Similarly, DTA prepares user fee studies
to ensure that a municipality can recover 100% of the costs associated with the services it provides to private entities in order to eliminate “private benefits,” which should not be financed by taxpayers through the municipality’s General Fund. DTA’s user fee studies also provide the municipality’s staff with sufficient information to make an informed decision regarding appropriate user fee levels to promote the municipality’s social, economic, and political objectives. DTA first prepares a Cost Allocation Plan (“CAP”) to determine the total hourly cost of each municipality employee, including all direct salaries and benefits, direct and indirect department costs, and indirect costs from central service support. These hourly rates are then assigned to the time expended by each employee for each service provided to the public so that the full cost of providing that service can be determined. DTA then recommends user fee levels to the municipality that will fully cover these costs when they benefit specific private parties, with the municipality determining whether they wish to charge for 100% of the cost of providing each service or a lesser amount to achieve other municipality objectives.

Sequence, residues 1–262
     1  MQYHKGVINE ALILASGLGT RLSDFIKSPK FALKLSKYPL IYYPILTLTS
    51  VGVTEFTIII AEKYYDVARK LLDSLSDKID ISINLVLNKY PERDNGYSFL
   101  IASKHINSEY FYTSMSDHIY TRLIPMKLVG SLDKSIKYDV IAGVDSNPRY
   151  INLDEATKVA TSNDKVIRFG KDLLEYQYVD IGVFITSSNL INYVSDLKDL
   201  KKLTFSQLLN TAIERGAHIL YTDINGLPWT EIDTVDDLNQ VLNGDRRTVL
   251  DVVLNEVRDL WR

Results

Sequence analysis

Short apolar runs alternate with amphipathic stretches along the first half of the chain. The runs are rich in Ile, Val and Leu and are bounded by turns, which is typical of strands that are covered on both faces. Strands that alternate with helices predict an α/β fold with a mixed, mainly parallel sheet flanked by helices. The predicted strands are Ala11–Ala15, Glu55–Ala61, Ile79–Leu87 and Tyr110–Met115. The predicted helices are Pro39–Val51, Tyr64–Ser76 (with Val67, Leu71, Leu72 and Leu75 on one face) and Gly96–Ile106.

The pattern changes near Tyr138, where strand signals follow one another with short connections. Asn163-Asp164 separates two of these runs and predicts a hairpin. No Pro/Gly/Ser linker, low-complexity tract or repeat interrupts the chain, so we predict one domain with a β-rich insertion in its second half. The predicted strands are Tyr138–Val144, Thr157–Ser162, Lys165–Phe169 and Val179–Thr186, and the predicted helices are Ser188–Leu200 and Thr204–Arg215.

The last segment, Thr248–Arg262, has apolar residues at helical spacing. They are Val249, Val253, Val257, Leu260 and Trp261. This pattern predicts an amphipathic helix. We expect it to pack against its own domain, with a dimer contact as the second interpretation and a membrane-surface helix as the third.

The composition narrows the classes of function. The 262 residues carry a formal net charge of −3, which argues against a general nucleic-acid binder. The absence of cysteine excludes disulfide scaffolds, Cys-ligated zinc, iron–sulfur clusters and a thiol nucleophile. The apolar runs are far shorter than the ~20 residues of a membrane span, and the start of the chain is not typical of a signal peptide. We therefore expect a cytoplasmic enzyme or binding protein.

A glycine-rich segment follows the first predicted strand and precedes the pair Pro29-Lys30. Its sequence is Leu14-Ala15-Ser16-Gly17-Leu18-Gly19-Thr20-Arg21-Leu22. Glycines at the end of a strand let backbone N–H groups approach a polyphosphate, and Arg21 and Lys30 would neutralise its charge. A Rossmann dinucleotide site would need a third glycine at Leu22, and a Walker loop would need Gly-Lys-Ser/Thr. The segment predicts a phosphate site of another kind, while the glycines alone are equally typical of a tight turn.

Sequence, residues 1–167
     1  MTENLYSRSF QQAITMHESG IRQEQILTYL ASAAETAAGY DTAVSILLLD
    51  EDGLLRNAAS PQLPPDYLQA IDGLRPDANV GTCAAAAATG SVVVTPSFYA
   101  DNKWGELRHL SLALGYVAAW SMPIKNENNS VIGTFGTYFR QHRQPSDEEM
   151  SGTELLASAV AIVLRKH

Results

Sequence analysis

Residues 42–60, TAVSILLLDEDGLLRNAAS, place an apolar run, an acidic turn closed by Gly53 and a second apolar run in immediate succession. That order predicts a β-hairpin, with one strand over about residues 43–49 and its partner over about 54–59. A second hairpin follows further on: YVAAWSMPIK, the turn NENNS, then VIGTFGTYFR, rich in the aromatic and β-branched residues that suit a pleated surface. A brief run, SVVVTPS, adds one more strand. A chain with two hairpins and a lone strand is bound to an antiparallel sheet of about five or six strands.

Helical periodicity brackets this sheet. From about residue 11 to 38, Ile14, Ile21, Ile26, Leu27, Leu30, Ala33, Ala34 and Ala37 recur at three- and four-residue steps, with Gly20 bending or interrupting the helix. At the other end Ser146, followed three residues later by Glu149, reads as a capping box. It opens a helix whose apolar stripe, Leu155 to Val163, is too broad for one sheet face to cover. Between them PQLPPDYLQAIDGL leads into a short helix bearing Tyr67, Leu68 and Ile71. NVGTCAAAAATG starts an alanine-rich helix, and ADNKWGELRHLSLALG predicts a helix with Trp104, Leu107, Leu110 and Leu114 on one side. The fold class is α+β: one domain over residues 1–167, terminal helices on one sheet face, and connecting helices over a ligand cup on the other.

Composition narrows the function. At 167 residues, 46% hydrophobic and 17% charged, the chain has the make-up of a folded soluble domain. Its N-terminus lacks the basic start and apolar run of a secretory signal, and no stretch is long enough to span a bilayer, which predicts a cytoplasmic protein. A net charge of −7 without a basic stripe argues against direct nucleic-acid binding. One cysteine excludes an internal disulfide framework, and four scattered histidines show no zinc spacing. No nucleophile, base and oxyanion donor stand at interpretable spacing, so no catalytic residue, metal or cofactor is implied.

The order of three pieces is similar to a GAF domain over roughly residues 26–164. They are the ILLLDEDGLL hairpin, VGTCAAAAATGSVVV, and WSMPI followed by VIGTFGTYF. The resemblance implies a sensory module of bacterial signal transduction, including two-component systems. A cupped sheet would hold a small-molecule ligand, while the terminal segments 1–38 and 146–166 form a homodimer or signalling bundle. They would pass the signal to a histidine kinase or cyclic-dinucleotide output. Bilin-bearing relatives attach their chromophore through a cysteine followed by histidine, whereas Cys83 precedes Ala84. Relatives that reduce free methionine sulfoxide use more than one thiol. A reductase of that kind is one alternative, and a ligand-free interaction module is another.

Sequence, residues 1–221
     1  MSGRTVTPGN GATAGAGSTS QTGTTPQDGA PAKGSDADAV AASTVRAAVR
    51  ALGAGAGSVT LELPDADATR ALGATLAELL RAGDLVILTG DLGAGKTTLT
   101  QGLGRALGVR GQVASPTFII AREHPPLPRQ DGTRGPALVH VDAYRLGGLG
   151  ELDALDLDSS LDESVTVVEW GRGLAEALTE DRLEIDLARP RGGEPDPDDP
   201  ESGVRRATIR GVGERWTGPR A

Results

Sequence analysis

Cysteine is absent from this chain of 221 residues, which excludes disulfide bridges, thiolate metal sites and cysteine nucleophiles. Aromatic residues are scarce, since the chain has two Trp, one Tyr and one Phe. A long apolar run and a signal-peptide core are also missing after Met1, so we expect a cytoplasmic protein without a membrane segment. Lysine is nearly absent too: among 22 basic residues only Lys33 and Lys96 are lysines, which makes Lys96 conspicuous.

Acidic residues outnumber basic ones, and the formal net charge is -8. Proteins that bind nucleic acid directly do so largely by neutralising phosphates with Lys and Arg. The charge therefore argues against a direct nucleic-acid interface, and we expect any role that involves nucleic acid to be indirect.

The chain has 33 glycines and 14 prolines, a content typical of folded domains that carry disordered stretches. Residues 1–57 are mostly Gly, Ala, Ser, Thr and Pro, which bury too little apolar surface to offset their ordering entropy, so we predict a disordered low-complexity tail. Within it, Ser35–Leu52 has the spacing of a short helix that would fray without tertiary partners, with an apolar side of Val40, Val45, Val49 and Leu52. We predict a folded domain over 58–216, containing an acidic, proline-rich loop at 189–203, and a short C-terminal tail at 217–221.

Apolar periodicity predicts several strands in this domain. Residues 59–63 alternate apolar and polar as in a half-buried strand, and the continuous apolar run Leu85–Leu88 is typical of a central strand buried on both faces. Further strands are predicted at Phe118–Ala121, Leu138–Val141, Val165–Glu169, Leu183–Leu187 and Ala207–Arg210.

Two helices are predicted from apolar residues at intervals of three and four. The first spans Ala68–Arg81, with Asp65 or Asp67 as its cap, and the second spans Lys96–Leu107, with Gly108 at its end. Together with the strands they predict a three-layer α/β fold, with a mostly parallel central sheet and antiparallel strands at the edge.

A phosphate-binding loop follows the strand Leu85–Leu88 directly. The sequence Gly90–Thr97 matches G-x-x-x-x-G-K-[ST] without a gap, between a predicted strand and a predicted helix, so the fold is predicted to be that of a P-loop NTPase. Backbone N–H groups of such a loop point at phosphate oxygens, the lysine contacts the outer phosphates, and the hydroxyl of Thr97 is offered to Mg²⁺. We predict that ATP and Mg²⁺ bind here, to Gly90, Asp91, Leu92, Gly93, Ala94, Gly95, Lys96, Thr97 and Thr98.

DTA also prepares water and sewer rate studies
to determine the monthly rates necessary to support the cost of operations, maintenance, replacements, debt service, and “pay-as-you-go” financing of facilities. DTA’s rate studies also consider rate stabilization and debt service reserve funds, as well as other funds necessary to meet the requirements of rate covenants established at bond issuance.